Tag Archives: magic

3 Life Lessons I Learned in Church (Or, the Hilariously-Sad Realization that I Grew Up in a Cult)

“Here’s an easy way to figure out if you’re in a cult: If you’re wondering whether you’re in a cult, the answer is yes.” ― Stephen Colbert, I Am America

They say hindsight is 20/20. Never has this cultural idiom been so true to me as the moment that  I realized I grew up in a cult. After conducting some personal and academic research about the characteristics of a cult, the scales fell from my eyes and, hallelujah, I could see.

It wasn’t as earth-shattering as I would have expected, in some ways, it was like I always knew. I just had to step out of the cult closet and see for myself.

A few characteristics of a cult include financial mismanagement, abusive behaviour, and attempts to control members through manipulation. During my time in my childhood church I experienced and/or witnessed each of these concerning behaviours. Don’t get me wrong, we weren’t the kind of horror movie cult that was sacrificing babies, or drinking poisoned Kool-Aid. Generally, it wasn’t even all that bad. But on the spectrum of church to cult, we had more in common with a cult than the typical church.

I learned a lot from my recent revelation, and I wanted to share what I learned with you. Below, I’ve included three life lessons I learned in church, or, as I like to say, the hilariously-sad realization I grew up in a cult.

Life Lesson #1: Your Time is Valuable

“If God is up at five in the morning for prayer… (dramatic pause)… Then you should be, too!”

Time is arguably our most valuable commodity, and it’s your time that a cult will take the most of. For most cults, controlling your time is almost as good as controlling your money. Since I was quite young I didn’t donate a lot of money, but let me give you a breakdown of how I spent my time:

There are 168 hours in a week. We sleep about 56 hours, and work about 40 hours each of the five workdays. That leaves about 72 hours left to do what we like. In our cult, we were told that our time was spiritual money in our spiritual bank account. If we had free time we weren’t doing enough for the Lord.

In a given week we would spend 19 hours in prayer (both communal and private), 6 hours in service, 4 hours doing street ministry (aka knocking on people’s doors and handing out pamphlets), 10.5 hours of driving ministry (picking up families for church programs), 3 hours youth ministry, 4 hours outreach ministry, and 5 hours in worker meetings or music practice. That left 19.5 hours of free time for 7 days, or approximately 2.7 hours of free time per day. To put it another way: if our free time had been money we would have barely made enough to support a child in a third world country.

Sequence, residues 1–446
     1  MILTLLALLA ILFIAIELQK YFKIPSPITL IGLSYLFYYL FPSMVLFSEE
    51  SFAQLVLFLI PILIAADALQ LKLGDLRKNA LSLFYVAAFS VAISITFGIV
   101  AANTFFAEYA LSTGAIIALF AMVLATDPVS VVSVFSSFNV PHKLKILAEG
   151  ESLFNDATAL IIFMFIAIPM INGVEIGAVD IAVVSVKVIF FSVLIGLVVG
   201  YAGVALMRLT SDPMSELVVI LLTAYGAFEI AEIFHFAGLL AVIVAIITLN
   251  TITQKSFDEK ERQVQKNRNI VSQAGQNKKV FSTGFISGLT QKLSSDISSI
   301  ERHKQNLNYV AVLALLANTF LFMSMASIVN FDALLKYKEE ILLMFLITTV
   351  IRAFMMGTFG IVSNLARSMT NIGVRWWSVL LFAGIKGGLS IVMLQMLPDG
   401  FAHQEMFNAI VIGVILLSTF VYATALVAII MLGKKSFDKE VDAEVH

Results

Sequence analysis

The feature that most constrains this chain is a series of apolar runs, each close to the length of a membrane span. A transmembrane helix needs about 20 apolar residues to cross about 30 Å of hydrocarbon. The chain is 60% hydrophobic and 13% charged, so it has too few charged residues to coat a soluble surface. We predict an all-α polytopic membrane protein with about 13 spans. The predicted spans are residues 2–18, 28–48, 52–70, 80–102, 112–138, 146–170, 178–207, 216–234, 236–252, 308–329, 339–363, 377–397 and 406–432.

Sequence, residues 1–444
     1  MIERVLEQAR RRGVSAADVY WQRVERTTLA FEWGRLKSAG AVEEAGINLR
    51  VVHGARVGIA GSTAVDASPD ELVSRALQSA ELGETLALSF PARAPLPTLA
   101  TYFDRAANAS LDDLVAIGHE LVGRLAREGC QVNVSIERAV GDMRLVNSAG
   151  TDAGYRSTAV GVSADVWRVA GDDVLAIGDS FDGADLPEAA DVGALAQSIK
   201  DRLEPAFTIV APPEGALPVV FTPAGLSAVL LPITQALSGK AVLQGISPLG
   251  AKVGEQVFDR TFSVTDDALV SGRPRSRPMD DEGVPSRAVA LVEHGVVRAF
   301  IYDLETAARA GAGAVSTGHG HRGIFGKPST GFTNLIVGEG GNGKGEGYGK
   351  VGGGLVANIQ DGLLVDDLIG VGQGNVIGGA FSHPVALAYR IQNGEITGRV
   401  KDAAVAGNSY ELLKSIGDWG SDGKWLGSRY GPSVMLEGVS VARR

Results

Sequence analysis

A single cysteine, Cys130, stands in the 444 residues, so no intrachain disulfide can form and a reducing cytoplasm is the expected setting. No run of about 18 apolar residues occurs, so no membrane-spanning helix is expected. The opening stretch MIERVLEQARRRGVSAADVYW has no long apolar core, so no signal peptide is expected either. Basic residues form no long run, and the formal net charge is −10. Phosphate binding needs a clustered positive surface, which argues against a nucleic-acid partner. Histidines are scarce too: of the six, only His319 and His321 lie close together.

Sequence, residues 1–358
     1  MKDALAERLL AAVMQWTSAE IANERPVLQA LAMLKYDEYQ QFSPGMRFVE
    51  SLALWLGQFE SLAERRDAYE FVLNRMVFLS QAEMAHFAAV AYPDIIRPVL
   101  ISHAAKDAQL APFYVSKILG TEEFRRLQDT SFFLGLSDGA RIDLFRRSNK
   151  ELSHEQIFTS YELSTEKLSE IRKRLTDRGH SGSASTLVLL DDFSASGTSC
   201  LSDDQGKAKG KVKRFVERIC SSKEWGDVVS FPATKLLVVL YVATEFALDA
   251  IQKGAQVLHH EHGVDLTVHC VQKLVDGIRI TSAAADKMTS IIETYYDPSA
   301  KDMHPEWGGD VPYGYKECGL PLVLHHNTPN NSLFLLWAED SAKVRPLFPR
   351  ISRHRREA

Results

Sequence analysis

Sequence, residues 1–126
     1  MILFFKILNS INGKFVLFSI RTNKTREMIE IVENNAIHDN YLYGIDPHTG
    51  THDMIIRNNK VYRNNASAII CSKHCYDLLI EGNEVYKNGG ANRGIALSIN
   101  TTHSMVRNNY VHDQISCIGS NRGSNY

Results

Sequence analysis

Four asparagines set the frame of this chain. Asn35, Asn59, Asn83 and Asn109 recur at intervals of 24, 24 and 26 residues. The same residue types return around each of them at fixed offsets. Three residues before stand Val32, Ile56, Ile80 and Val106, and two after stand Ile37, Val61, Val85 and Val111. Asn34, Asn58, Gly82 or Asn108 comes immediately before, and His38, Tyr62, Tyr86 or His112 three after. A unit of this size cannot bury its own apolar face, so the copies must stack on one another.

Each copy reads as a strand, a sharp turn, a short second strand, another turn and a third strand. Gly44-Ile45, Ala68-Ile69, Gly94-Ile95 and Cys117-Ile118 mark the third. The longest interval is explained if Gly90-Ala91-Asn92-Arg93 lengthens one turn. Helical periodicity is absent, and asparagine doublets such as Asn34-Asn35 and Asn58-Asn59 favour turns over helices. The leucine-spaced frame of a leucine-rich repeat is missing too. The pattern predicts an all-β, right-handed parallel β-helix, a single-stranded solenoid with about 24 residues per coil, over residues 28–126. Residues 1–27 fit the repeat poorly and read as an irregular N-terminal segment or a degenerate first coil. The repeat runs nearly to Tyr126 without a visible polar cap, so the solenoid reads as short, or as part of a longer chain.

When I finally committed to not go to church (cult) anymore, I suddenly had time to do what I wanted. It was as if I had discovered my belly button for the first time as an adult, which would be mind-blowing, to say the least.

Life Lesson #2: Question Everything

“When you come in here, turn off your brain.”

Ignorance is bliss, but cult ignorance? That shit is magical.

The first thing a cult takes away is your ability to question. You are not allowed to question leadership, the lack of faith healings, or the way money is being managed. You are discouraged from receiving a secular education and told to “turn off your brain” so the spirit could lead. Asking certain questions could get you ex-communicated. This meant that the Leaders would restrict any communication/contact between the ex-communicated person and the rest of the church congregation. This delicate practice was meant to somehow force the individual into repentance and to return once again to their (dysfunctional) church family.

In order to demonstrate your “true faith” you were required to leave your logic at the door and take everything on faith, no matter how absurd some of the services would get (running around the building and shouting at the top of your lungs was a frequently occurring event). While this kind ignorance was truly blissful, it quickly got out of hand.

Growing up in a cult was a lot like growing up in a tiny magical bubbleMy tiny bubble consisted of a small intimate group of people that saw each other every day. Like most charismatic churches we believed in faith healing, prosperity, and gifts of the spirit (speaking in tongues).

However, we also believed we could:

  • change the weather
  • drive cars without gas
  • teleport
  • pray back a woman’s hymen so she could re-lose her virginity on her wedding night (honest truth)
  • pray away the gay
  • chase demons out of the church (this actually involved physically running around)
  • pray over adult video stores to close them down (it actually did close down two weeks later, BTW)
  • repel bullets through prayer (when the persecution came)